mother), Vera is thrust into a post-arrest world where things
are black and white and no ghosts from the past will stand
up and acknowledge that her actions saved lives, lives living
rather than the organic spark just brought into being destined
to be plunged into misery because of certain circumstances.
are spared very little (gynaecologically speaking Vera
Drake is not explicit but the acting is so good
across the board that it may as well be) and the business
of home termination is presented as matter of factly as a
kettle boiling (the first procedure incidentally). Vera remains
curiously aloof from her emotionally wrought patients. Imelda
Staunton (whose movie this is as she dominates, giving her
all to this pathetic creature) is a benevolent aunt who knows
why these girls cannot afford in every sense to have a child.
She wants to, almost desperately needs to, offer more but
knows the role of fairy godmother well. She wafts in, pinny
on, does the job, explains in simple terms what will happen
next and reluctantly disappears letting the emotional impact
of her actions sink in.
is never without social comment. In a clever piece of screenwriting,
Vera's sister-in-law is harassing her husband for a
£35 pound washing machine (high tech in 1950, one assumes
so now we know the value of 1950's £35). In a parallel
story line (which does not touch Vera's story at all only
to offer 'the other side' so to speak), we meet Miss Wells,
a fragile upper middle class girl who is raped in a scene
that should be hard to watch - it is. Sally Hawkins' performance
(as Susan Wells) is as strong in a supporting role as any
nominated actress this year. Of course she falls pregnant
and goes the 'official' monied way - doctor first, specialist
next (who offers his service for a staggering 200 guineas
after asking for £250 - that's over seven washing machines
and 125 times what Vera's 'fixer' charges). And eventually
she is forced to see a psychiatrist. This is a world where
the mere thought of such a dark and self-defeating route to
good health was met with severe social opprobrium. The psychiatrist,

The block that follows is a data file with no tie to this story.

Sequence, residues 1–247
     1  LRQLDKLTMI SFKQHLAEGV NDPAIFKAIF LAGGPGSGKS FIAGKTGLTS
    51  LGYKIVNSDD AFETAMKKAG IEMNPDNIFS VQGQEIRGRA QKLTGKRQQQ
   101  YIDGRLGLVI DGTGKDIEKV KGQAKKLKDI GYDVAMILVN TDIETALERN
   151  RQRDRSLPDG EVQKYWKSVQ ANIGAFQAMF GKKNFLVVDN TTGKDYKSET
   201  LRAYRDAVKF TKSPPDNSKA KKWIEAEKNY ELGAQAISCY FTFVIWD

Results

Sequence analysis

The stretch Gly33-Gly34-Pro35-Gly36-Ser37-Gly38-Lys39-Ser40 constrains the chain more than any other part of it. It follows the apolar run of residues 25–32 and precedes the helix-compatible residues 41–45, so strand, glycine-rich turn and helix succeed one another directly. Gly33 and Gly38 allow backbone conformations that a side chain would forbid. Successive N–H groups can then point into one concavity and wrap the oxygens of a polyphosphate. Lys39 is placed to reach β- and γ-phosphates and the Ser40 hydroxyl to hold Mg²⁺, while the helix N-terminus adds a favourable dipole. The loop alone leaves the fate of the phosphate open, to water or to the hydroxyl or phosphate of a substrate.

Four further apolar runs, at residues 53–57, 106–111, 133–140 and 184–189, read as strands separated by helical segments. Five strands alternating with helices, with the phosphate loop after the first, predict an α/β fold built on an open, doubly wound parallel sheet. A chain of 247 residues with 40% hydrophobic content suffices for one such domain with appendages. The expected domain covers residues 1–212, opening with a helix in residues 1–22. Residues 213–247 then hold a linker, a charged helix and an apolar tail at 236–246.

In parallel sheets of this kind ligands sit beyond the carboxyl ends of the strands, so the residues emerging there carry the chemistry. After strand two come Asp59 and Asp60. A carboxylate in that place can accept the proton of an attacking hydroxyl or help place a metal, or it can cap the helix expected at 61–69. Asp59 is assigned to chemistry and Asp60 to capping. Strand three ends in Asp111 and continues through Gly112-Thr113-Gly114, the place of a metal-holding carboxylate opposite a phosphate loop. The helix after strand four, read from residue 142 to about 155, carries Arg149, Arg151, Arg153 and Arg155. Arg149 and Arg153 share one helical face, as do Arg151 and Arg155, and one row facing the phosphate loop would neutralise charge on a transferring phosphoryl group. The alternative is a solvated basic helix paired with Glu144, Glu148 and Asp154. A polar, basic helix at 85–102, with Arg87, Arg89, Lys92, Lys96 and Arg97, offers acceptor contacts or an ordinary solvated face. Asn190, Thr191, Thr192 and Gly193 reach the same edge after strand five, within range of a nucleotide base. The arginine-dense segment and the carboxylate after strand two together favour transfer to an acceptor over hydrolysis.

in a dimly lit, old fashioned study, places his fingers in
a steeple thrust out in front of him appearing as a steam
train with a cow buffer should any of the unreal madness he
encounters actually make contact with him. He is as sympathetic
as a bullet. Miss Wells' predicament is certainly different
by simple expedient of class. What she is paying through the
nose for, Vera does for nothing.
only when one of the hundreds she has helped shows complications
causing her admittance to hospital and a brush with death,
does the law very easily close in. At the happiest double
celebration for the Drakes, the inspector calls. It is when
Vera's world collapses that Staunton grasps this simple movie
and shakes it raw. By the sheer power of the close up (an
actor's secret weapon so sparingly applied in the previous
hour and ten minutes) Staunton gives us an intimate and powerful
study of disintegration. Here is a woman who cannot live in
'their' world, the world of suffering for the sake of law
and polarised moral conscience. Her family, naturally, are
dumbstruck and the hurt and confusion etched on these characters'
faces is never questioned. Their authenticity is beyond reproach.
all the apparent simplicity of Leigh's script and direction,
he is anchoring us to the world of the real (in dramatic terms)
in very subtle ways. Vera lives in small rooms and enclosed
spaces make up a large percentage of her domestic life. When
she's in open and airy and light spaces, she's on her knees
scrubbing floors… Leigh's camera movements are minimal
and necessary when employed, his editing, invisible, his (and
by implication his crew's) craft, impeccable.
1996 I was lucky enough to attend the BAFTA Craft awards and
was there to see Leigh accept his 1995 Michael Balcon Award
for Outstanding British Contribution to Cinema. (He had been
nominated twice before (in '92 for the short A Sense
of History and in the following year, Naked was nominated for the Alexander Korda award). I do not have
a copy of his speech in front of me and can only paraphrase.
Leigh accepted graciously and remarked that despite his pleasure
of receiving this prestigious award, he was a little mystified
that none of his technicians, producers or actors had ever
won a BAFTA on one his films… It was a gentle nip at
the claw that feeds him but once again, that is why we need
and Lies won the Alexander Korda BAFTA Award the following year. Don't
you love politics?